“The Nakatani RIES Fellowship program allowed me to outline research in laboratories. Sophomore students in Japan hardly have experience in laboratories, and will not know about research in laboratory until senior in my university. Due to this experience, I will be able to choose the best laboratory for me when I look for a host laboratory as a senior student…  I also learned that unity is crucial to achieve a big goal. I expected that research is a lonely activity. However, it is not. I cooperated with many researchers and finished my research internship successfully. Each person has what he or she can do, and it is different from person to person. Cooperation does not mean just leaning on others. We need own skills and good relationships as well. We can achieve a bigger goal than what I can achieve by myself.” ~ Shohei Nishimura

Jumpei Nomura

Hiroshima University
B3: Junior, Vehicle and Environmental Systems
Research Host Lab: Prof. Andrew Meade, Department of Mechanical Engineering
Research Project Title: Evaluating the accuracy of the computational fluid dynamics solver, FLUENT” (PDF)

“… having experienced American graduate school life was the most important thing that I gained in this program. Before I went to Rice University, I knew a few things about the system of graduate schools in the U.S., but I did not know what would be like to spend time at an American graduate school. At Rice University, I conducted research on computational fluid dynamics and also experienced university life in the U.S. at the same time. Having experienced university life at Rice was very rewarding since one of my future goals is getting into graduate school in the U.S… 

In this program, you can experience not only hands-on research but also a bit of university life at Rice.” ~ Jumpei Nomura

Ryota Sasaki

Tohoku University
B2: Sophomore, Electrical, Information and Physics Engineering
Research Host Lab: Prof. Jane Grande-Allen, Department of Bioengineering
Research Project Title: “Building a Meso-scale Mechanical Testing Device for analysis of Rodent Heart Valve Tissue” (PDF)

“Before I participated in this program, I was planning to get a job after my master’s degree in Japan as many people follow such a path. However, I have thought it is boring and is not challengeable in my life. Applying for graduate school in the U.S. or being a researcher abroad never crossed my mind. Therefore, I was lucky to get such a great opportunity to consider my future career and gain research experience during my bachelor’s degree… Gaining a hands-on research experience is one of the important things in this program. Actually, the reason why I participated in this program is to get a chance to research during my second year. However, I realized making relationships with people from diverse backgrounds is as significant as having research experience in this program. I have been stimulated by those who I met in this program. Through this great summer, I got really inspired and motivated toward studying and pursuing to challenge my goals.” ~ Ryota Sasaki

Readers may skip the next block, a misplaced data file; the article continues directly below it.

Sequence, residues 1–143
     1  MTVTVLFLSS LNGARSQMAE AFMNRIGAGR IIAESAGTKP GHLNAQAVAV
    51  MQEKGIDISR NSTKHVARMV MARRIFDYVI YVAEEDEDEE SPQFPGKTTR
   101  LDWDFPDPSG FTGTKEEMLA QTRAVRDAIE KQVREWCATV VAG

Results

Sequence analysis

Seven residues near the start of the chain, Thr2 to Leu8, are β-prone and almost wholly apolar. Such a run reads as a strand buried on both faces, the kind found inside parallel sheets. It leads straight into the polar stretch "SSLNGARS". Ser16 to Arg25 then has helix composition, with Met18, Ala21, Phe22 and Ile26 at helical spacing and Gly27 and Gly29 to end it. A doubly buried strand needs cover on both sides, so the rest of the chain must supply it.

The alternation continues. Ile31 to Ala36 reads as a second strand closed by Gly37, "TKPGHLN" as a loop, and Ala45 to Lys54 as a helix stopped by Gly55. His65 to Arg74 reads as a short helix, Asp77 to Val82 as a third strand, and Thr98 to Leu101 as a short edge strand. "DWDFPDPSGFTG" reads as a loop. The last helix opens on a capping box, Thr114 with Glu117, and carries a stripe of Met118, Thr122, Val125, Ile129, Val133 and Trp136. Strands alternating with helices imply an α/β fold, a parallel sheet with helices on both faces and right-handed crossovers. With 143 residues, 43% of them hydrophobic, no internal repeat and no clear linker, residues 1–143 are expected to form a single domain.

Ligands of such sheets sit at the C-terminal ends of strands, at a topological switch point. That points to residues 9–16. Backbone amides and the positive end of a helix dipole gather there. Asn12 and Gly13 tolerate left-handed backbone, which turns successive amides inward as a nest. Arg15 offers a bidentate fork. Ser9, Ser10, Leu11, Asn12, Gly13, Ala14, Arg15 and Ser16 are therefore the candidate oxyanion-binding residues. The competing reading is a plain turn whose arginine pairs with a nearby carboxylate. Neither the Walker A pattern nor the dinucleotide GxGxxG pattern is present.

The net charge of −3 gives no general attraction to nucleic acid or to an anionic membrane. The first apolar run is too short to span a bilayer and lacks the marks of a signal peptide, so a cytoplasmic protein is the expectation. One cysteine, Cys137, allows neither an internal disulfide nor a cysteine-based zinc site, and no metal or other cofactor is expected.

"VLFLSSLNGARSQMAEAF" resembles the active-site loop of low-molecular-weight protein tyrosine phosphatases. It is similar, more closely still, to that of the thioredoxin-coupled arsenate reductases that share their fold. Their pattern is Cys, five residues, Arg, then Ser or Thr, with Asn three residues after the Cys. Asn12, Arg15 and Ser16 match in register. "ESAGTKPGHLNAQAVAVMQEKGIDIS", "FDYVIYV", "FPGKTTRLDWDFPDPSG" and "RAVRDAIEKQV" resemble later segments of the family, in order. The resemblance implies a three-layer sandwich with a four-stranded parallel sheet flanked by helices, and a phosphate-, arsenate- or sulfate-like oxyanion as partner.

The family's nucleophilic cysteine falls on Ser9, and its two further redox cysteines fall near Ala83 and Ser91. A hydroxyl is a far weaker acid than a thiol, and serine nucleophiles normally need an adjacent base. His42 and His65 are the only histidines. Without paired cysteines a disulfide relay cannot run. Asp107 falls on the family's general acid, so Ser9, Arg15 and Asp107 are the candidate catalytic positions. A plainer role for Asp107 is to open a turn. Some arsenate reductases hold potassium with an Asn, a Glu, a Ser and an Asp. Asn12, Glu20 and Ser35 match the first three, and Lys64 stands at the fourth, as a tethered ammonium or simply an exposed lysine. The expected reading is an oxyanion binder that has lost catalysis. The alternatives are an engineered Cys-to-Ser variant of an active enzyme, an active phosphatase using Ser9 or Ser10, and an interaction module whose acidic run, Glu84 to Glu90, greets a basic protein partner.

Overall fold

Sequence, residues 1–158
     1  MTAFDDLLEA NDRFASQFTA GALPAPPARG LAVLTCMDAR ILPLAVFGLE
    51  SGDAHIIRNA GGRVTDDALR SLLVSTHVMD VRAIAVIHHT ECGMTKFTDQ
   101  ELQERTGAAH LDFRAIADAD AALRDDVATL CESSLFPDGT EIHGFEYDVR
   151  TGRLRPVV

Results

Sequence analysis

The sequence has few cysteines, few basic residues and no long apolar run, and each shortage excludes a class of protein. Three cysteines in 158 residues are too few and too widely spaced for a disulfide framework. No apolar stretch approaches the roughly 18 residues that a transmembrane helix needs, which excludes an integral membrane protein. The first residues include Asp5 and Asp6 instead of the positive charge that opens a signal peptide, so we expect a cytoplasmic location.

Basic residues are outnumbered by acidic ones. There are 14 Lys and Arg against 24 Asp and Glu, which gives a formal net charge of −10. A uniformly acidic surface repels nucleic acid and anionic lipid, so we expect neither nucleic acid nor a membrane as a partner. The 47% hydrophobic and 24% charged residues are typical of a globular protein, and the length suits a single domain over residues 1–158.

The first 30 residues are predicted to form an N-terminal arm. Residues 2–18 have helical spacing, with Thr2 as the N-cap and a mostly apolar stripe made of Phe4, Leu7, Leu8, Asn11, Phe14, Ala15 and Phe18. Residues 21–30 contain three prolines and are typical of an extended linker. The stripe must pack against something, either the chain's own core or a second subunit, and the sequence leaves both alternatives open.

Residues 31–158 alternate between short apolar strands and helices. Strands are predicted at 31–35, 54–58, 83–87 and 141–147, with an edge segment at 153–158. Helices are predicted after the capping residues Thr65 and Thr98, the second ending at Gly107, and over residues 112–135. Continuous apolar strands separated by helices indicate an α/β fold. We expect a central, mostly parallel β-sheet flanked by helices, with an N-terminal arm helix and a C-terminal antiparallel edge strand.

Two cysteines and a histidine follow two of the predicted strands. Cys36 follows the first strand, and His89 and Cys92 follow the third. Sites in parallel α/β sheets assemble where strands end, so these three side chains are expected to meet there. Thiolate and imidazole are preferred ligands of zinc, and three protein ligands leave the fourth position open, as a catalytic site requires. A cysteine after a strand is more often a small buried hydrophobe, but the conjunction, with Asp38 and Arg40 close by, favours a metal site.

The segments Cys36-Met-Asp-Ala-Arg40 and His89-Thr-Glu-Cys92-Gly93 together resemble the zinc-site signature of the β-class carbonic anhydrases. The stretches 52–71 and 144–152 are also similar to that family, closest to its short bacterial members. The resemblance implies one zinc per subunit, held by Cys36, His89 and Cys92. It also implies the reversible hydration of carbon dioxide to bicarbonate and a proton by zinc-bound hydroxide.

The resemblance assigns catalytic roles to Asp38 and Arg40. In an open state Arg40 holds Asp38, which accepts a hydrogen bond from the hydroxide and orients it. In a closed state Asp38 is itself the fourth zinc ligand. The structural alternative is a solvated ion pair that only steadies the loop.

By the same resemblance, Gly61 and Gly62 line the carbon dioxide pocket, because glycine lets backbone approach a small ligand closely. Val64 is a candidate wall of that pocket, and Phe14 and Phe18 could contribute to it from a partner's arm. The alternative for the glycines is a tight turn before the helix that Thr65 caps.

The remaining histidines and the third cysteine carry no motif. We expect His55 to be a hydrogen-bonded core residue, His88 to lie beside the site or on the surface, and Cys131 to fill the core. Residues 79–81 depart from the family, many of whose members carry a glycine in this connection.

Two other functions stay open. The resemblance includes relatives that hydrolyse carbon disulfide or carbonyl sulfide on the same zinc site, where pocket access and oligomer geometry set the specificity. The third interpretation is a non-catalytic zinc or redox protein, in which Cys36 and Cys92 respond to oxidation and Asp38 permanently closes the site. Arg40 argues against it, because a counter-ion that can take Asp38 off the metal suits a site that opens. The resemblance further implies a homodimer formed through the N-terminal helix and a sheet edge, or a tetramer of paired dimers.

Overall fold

Tomoyuki Sato

Nagoya University
B3: Junior, Mechanical Engineering and Aerospace
Research Host Lab: Prof. Tayfun Tezduyar, Department of Mechanical Engineering
Final Research Project Poster: “Structural Mechanics Analysis and Shape Determination of the Orion Spacecraft Drogue Parachute” (PDF)

“Though my life in Houston was extraordinarily full of fun memories, I would rather like to emphasize how fruitful my lab life was when speaking to my friends, family and professors… [One of] the lessons I obtained through my life in the lab [is] simple and quite common, “Have a willingness to conquer any hardships”…  Though this is not everything, this is all I learned through the program and want to tell everyone about my experience after coming back to Japan. It is clear that this program changed me drastically and gave me a chance to crystallize my future career. I thank Nakatani Foundation for giving me such a great chance this summer. And… I’ll be back.” ~ Tomoyuki Sato 

Rio Tsukimura

The University of Tokyo
B3: Junior, Chemistry and Biotechnology
Research Host Lab: Prof. Michael S. Wong, Department of Chemical & Biomolecular Engineering
Research Project Title: “Nitrate reduction reaction using bimetallic alloy nanoparticles as catalysts” (PDF) 

“It was a great experience for me to participate in the 2017 Nakatani RIES Fellowship this summer. I learned many things and enjoyed so much that it is difficult to tell how everything about how this experience changed my life and gave a lot of opportunities to my future. But, I would like to share how attractive it is and to expand that this can be kind of a “big turning point” for other students… This summer internship helped me to cultivate a challenging spirit and learn an attitude to conduct research as well.” ~ Rio Tsukimura

Nina Yoshitake

The University of Tokyo
B3: Junior, Bioinformatics and Systems Biology
Research Host Lab: Prof. Junghae Suh, Department of Bioengineering
Resaerch Project: “Applying Computational Models to Predict Capsid Protein Functions in AAV”
Award: Received 1st place poster presentation award at final research colloquium

“The two main reasons why I applied to the Nakatani RIES program is that I believe it will help me think about my career as a research scientist and that it would broaden my horizons. In Japan, many people believe the research environment in the US is quite different from that of Japan, and that experiencing research there would be a big plus for one’s career. Experiencing this for myself through this program would help me decide whether I should study abroad in the future for graduate or post graduate studies. I am also curious about the careers of female researchers and the challenges they may face. The number of female researchers in Japan is still limited and I cannot help but anticipate my future in such environment… I believe this program is an invaluable opportunity for undergraduate students to experience research in the US. It will support students who love science, refuel their passion for it, and encourage them to pursue their dreams. ~ Nina Yoshitake